Sometimes people look at me with pity when they see me with they see me with Squeaker or hear that he has autism. Physically he looks like everyone else, but his behaviors do make him stand out sometimes. At other times, you can’t tell he’s different from any other child though. He’s really a very attractive boy–handsome with a brilliant smile–and his personality makes him shine even more. So there’s no reason to feel pity for me. In fact, if not for my son, I would see the world in a much different lens than I do now, and he’s made me a better person in so many ways.
In fact, I can name…
4 Surprising Ways My Son Has Made Me a Better Person
- Patience. When you have children, you need patience. I had almost none before I had him. As he grew up and the meltdowns started, I not only needed the normal amount of patience that I had to build up before, but I needed extra patience. Patience enough to endure long meltdowns and talk him through it. I credit him for my patience as a teacher, too. I’ve learned to carefully measure my words and my actions. He’s just made me better all around.
- Love. You don’t know real love until you have children. Cradling your child in your arms, you’re suddenly, intricately tied to this one little person. As my children get older, I realize they show me even more love. And Squeaker shows love infinitely more than one might imagine. He rubs my back. He kisses my hand and my cheek. He simply wants me, The Manager, and his brother to know he loves us. When people say that a person cannot have autism because they show affection I look at them like they have three eyes–my son shows plenty of affection. Autism doesn’t mean no love. In fact, this kid probably has more heart than a lot of kids.
- Selflessness. When you care for someone with Autism, you learn how to give of yourself completely. You also learn how take breaks and take things as they come, but you learn what it means to put another person first and what you get from that. Honestly, that comes with raising any child, though. If you’re a mom, when’s the last time you went to the bathroom by yourself? Yeah, you know what I mean. Well, guess what? My son also knows how to give of himself. You know why? He sees it every day. So he will hear me say something like, “Gosh, sure wish I had my glasses,” and he darts off to the bathroom to get my glasses. Why? He wants to please me just as much as I please him. That’s how I know we’re doing it right.
- Thankfulness. I’ve always had difficulty giving thanks for the small stuff. Okay. I’ve even had trouble giving thanks for the big stuff. Thankfulness never was my strong suit. Then I look at Squeaker. This kid stands up at church when the pastor asks for any news or blessings for the week and he wants to tell everyone that he got a new pair of pants. Or he’ll want to announce his brother’s birthday. It hasn’t happened yet, but I know he’ll do it because that’s just something he does. He gives thanks. He finds joy in the small stuff. He squeals with delight when he receives a magazine at school. If I could bottle up that joy and thanksgiving, I might always feel happiness in my life. I try to find that same pleasure in my life along with him and take up his example. It’s one we could all live by, right?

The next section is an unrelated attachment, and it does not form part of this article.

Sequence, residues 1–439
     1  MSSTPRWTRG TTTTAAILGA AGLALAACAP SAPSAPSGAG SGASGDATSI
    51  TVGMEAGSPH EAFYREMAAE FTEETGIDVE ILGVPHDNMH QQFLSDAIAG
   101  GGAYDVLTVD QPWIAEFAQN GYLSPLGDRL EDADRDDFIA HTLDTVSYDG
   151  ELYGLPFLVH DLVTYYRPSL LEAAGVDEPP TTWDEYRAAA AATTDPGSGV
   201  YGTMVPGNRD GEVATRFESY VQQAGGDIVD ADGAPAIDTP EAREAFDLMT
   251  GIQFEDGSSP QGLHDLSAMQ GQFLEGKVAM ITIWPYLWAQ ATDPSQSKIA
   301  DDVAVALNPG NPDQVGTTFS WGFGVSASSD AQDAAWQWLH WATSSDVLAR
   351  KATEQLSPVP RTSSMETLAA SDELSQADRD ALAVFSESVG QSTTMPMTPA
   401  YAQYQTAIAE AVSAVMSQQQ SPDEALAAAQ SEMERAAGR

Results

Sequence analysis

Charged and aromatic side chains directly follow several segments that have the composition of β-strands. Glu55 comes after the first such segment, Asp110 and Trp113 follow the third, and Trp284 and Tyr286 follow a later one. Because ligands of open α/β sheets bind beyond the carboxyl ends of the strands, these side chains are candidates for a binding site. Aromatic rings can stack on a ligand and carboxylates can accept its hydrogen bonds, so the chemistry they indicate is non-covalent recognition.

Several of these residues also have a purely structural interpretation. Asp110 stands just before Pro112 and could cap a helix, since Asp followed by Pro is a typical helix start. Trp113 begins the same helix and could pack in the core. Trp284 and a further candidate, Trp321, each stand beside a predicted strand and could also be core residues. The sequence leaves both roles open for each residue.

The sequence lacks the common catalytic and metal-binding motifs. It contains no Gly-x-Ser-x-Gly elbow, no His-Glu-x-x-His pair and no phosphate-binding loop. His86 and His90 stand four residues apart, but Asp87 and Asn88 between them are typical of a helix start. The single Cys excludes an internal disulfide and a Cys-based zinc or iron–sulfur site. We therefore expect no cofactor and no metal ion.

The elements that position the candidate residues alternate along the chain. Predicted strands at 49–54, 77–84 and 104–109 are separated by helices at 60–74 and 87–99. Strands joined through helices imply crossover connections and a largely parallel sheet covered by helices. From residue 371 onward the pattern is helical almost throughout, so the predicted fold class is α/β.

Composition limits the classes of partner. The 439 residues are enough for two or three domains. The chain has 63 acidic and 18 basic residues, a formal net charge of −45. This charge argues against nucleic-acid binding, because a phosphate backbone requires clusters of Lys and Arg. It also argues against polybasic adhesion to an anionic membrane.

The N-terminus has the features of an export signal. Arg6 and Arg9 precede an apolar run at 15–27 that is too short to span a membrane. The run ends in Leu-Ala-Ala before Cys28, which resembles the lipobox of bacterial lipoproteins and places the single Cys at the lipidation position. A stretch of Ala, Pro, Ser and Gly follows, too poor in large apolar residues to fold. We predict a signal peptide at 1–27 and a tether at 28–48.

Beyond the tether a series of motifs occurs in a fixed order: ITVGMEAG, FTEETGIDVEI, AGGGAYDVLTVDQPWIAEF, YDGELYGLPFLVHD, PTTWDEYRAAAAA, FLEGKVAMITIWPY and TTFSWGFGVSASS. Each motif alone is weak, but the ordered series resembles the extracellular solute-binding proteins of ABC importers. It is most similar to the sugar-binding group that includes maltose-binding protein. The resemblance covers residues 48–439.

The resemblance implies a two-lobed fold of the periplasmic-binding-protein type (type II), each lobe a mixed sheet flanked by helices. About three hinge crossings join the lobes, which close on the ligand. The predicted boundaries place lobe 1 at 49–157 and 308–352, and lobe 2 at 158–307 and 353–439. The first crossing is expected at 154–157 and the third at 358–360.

I don’t feel shorted at all by my son. Every year of his life, I feel more fulfilled. I feel more and more blessed. In fact, I wonder if he realizes how much he means to us. He’s a wonderful person and he’s meant for great things. As he grows and develops into this person that we never even imagined he could be, I recognize that he’s taught me one more thing.
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- Dream Big. Never limit your expectations–whether you’re talking about yourself or another person. A long time ago, before Squeaker had a lot of words and before we realized how far he’d go, we got asked these questions by professionals like, “where do you see your son…” and “what do you want for your son…” and we had no idea how to answer. We felt pretty limited. Maybe he’d grow up and work as an auto mechanic because he likes cars, we thought. There’s nothing wrong with that profession and people who work on cars make money. We went to college and before the diagnosis our dream for him would’ve been college, but that’s not what popped into our heads anymore–we felt doubt. Now that we know better we answer, “Whatever he wants to do.” The sky’s the limit, right? Even if your child cannot speak now or cannot move like other children, you cannot possibly measure the depths of your child’s intelligence or how far they’ll grow yet. Dream big. Never limit.
In What Ways Have Your Children Changed Your Life For the Better?